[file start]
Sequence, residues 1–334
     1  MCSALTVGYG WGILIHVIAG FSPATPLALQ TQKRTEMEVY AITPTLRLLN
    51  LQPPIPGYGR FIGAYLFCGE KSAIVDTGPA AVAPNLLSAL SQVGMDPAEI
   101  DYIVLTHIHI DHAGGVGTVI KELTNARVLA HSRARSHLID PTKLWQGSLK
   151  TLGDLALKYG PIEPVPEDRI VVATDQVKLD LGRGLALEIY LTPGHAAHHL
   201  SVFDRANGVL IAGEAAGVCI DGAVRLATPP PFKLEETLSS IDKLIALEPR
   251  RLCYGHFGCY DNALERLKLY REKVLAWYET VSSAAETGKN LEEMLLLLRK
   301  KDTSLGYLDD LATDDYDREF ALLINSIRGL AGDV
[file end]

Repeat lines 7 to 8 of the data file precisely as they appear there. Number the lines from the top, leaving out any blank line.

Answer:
   251  RLCYGHFGCY DNALERLKLY REKVLAWYET VSSAAETGKN LEEMLLLLRK
   301  KDTSLGYLDD LATDDYDREF ALLINSIRGL AGDV